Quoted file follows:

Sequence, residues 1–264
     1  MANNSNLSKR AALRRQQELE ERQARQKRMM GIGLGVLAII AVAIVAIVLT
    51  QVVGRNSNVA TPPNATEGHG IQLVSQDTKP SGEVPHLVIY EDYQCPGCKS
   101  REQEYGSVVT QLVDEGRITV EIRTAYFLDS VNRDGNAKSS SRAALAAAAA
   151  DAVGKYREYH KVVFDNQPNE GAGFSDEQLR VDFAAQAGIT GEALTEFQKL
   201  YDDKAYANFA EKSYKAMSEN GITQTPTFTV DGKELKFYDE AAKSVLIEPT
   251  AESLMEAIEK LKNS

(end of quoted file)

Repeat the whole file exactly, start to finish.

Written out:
Sequence, residues 1–264
     1  MANNSNLSKR AALRRQQELE ERQARQKRMM GIGLGVLAII AVAIVAIVLT
    51  QVVGRNSNVA TPPNATEGHG IQLVSQDTKP SGEVPHLVIY EDYQCPGCKS
   101  REQEYGSVVT QLVDEGRITV EIRTAYFLDS VNRDGNAKSS SRAALAAAAA
   151  DAVGKYREYH KVVFDNQPNE GAGFSDEQLR VDFAAQAGIT GEALTEFQKL
   201  YDDKAYANFA EKSYKAMSEN GITQTPTFTV DGKELKFYDE AAKSVLIEPT
   251  AESLMEAIEK LKNS